Communication with the mentor and among fellow students is a critical component of online learning. Participation in online discussions involves two distinct assignments: an initial response to a posted question (discussion thread) and at least two subsequent comments on classmates' responses. Meaningful participation is relevant to the content, adds value, and advances the discussion. Comments such as "I agree" and "ditto" are not considered value-adding participation. Therefore, when you agree or disagree with a classmate, the reading, or your mentor, state and support your agreement or disagreement. You will be evaluated on the quality and quantity of your participation. Responses and comments should be properly proofread and edited, professional, and respectful.

 For posting guidelines and help with discussion forums, please see the Student Handbook located within the General Information page of the course Web site.

Written Assignments

You are required to complete six (6) written assignments, which are the chief means of demonstrating your analytic, assessment, and expressive abilities.

The purpose of the written assignments is threefold:

  1. To provide experience in data gathering, critical analysis, and realistic applica­tion of concepts and practice.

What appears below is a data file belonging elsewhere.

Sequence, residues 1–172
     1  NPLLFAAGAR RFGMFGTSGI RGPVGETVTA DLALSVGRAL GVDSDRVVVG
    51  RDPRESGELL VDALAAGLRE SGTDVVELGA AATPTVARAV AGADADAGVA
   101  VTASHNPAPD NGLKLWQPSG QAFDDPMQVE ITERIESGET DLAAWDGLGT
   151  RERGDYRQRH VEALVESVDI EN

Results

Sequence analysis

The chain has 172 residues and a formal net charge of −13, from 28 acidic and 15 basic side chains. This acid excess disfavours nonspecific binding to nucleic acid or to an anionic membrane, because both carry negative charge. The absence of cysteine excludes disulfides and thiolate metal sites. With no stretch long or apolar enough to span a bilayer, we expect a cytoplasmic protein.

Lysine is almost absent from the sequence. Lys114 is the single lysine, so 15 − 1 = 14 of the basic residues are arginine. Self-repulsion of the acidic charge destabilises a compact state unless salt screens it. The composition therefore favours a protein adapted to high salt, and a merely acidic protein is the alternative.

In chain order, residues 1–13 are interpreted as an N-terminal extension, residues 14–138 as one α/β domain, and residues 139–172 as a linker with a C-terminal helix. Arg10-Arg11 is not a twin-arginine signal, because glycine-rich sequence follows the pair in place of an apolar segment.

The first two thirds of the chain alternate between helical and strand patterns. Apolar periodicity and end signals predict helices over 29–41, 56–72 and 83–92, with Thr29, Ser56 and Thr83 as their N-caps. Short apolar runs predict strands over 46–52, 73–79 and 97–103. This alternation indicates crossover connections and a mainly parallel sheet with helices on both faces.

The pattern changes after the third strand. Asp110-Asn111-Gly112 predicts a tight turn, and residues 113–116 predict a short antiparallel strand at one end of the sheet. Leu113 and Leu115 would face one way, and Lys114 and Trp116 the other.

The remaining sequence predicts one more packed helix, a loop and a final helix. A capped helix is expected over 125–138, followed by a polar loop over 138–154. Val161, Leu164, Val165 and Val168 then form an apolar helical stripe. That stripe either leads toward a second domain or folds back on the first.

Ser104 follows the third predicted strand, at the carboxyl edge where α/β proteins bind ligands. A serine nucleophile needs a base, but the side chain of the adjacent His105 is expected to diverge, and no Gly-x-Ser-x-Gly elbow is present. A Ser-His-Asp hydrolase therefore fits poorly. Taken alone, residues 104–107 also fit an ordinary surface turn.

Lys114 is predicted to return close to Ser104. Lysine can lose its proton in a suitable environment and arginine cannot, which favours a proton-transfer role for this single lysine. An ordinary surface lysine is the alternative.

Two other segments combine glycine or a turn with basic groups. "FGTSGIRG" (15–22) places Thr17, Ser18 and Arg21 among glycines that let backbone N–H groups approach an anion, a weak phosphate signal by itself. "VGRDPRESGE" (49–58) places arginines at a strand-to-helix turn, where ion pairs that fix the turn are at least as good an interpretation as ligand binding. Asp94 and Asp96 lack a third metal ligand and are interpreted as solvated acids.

2. To present your findings in a written document that is professional in content and appearance.
  3. To reinforce the textbook, supplemental inquiries, and In-Sites.

Follow these guidelines when researching and writing these assignments:

  1. Conduct primary or secondary research as necessary to respond to the assignment. Primary research may involve interviews that you conduct yourself; secondary research uses published sources of information.
  2. Write up to four (4) pages per assignment. Your assignments should be professionally pre­sented, using clear syntax, correct grammar, and correct spelling. You must cite all sources of information according to MLA style, APA style, or The Chicago Manual of Style.

Prepare your written assignments using whatever word processing program you have on your computer. Include your name at the top of the paper, as well as the course name and code and the semester and year in which you are enrolled.